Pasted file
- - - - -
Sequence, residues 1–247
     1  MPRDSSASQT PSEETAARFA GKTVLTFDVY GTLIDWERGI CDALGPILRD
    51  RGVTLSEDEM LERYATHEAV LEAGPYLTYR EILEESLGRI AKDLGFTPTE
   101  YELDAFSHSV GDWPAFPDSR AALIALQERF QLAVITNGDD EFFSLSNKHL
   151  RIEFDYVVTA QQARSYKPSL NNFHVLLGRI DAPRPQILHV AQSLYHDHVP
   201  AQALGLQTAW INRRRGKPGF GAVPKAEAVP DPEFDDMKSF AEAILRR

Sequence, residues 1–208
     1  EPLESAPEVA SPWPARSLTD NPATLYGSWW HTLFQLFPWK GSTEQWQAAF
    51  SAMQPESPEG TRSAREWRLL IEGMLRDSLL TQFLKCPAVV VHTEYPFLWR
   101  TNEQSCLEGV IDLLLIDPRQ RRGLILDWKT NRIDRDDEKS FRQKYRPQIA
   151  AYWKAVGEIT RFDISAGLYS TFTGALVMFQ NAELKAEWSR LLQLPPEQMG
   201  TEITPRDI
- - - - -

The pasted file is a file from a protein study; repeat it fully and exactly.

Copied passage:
Sequence, residues 1–247
     1  MPRDSSASQT PSEETAARFA GKTVLTFDVY GTLIDWERGI CDALGPILRD
    51  RGVTLSEDEM LERYATHEAV LEAGPYLTYR EILEESLGRI AKDLGFTPTE
   101  YELDAFSHSV GDWPAFPDSR AALIALQERF QLAVITNGDD EFFSLSNKHL
   151  RIEFDYVVTA QQARSYKPSL NNFHVLLGRI DAPRPQILHV AQSLYHDHVP
   201  AQALGLQTAW INRRRGKPGF GAVPKAEAVP DPEFDDMKSF AEAILRR

Sequence, residues 1–208
     1  EPLESAPEVA SPWPARSLTD NPATLYGSWW HTLFQLFPWK GSTEQWQAAF
    51  SAMQPESPEG TRSAREWRLL IEGMLRDSLL TQFLKCPAVV VHTEYPFLWR
   101  TNEQSCLEGV IDLLLIDPRQ RRGLILDWKT NRIDRDDEKS FRQKYRPQIA
   151  AYWKAVGEIT RFDISAGLYS TFTGALVMFQ NAELKAEWSR LLQLPPEQMG
   201  TEITPRDI